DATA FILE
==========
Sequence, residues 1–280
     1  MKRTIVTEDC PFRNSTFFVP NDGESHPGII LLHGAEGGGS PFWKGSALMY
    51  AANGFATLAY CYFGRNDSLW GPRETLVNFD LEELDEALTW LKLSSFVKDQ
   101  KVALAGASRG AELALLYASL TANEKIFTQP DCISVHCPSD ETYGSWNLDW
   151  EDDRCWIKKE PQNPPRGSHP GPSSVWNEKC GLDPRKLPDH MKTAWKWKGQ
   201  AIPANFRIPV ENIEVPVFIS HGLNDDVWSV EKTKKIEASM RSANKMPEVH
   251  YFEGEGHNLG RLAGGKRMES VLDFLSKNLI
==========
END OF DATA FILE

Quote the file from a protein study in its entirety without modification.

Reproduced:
Sequence, residues 1–280
     1  MKRTIVTEDC PFRNSTFFVP NDGESHPGII LLHGAEGGGS PFWKGSALMY
    51  AANGFATLAY CYFGRNDSLW GPRETLVNFD LEELDEALTW LKLSSFVKDQ
   101  KVALAGASRG AELALLYASL TANEKIFTQP DCISVHCPSD ETYGSWNLDW
   151  EDDRCWIKKE PQNPPRGSHP GPSSVWNEKC GLDPRKLPDH MKTAWKWKGQ
   201  AIPANFRIPV ENIEVPVFIS HGLNDDVWSV EKTKKIEASM RSANKMPEVH
   251  YFEGEGHNLG RLAGGKRMES VLDFLSKNLI